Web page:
As Important as the Intended Artwork Is Selecting the Right Print Studio or Foundry

04/07/2015 09:30 am ET | Updated Jun 07, 2015

Art is often a solitary pursuit but, sometimes, even the most reclusive artists must seek out the help and services of others. Artists who make graphic prints or sculpture editions usually look to print studios or foundries to provide the expensive equipment and technical know-how. They are brought together by the desire to create works of art, but this is also a business relationship that needs to be negotiated carefully.

The decision on which foundry or print studio to use is complicated by issues of location, price, the right fit of services and the media available. No less important is the quality of the work, turnaround time and a foundry's or studio's ability to keep promises made to artists, and this can be ascertained by asking others who have worked with them in the past. Both fine art foundries and studios have one or more people on staff whose job is to work directly with artists, communicating their direction and changes to staff; these people should be accessible, helpful, organized and enthusiastic. This relationship is likely to make the difference between a positive and negative experience.

Print Studios.
The relationship with a print studio begins with a conversation, concerning what the artist wants to do and the various services that the studio can offer to turn a concept into an edition. The physical size of the print, the size (including proofs) and subject matter of the edition, the manner of printing, the length of time allotted to produce the edition, the number of proofs that the printer keeps, the number of colors and the type of paper to be used are the basis of the estimate that the studio provides. However, revisions, additions and alterations during the process are likely to increase the fees. Assuming some level of revisions, the written estimate will usually note some leeway of 10 percent, above which the studio will ask for approval from the artist. Fees may be based on an hourly rate or for the entire project, with payment made at the end, usually within 30 days of completion, although payments also may be scheduled. (Print studios working with an artist for the first time usually request the individual to submit a credit application and provide half of the estimated cost upfront with the rest payable at completion; subsequent jobs with that artist will be completely at the end.) Rush orders and requests to work overtime or on weekends will increase fees by as much as double, and mistakes (the artist didn't catch an error on a proof) or delays attributable to the artist are not the responsibility of the print studio. It is not uncommon for studios to tack on interest charges -- for instance, one-and-a-half percent per month or an annualized 18 percent -- for late payments.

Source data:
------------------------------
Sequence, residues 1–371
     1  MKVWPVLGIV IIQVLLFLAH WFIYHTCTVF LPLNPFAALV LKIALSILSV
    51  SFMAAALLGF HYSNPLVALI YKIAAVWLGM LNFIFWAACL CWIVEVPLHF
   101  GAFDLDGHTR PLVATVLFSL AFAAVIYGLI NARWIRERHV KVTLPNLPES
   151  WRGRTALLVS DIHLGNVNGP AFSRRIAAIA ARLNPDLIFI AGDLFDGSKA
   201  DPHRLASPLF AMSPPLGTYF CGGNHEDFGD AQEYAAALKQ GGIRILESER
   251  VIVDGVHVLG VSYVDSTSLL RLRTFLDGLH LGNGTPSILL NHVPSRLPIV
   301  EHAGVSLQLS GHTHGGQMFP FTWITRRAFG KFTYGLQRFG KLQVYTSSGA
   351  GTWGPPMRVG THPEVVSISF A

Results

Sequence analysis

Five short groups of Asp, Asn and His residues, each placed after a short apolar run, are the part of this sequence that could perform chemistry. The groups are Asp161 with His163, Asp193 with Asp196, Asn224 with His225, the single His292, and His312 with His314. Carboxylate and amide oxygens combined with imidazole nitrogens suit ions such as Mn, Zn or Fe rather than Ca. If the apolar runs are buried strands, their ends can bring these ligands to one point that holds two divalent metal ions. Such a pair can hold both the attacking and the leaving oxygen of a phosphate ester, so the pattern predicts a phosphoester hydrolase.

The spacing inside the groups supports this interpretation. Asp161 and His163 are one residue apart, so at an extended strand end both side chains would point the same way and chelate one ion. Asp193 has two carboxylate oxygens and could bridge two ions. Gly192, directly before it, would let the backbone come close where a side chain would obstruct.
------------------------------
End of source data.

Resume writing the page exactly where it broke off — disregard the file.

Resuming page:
Things happen. The artist may not like the work that the studio staff is doing, or there may be a reason that the entire project has to be cancelled. Rejection or cancellation prior to the completion of an edition usually entails a kill fee of 50 percent; if the edition is completed, the artist will be expected to pay the full agreed-upon amount.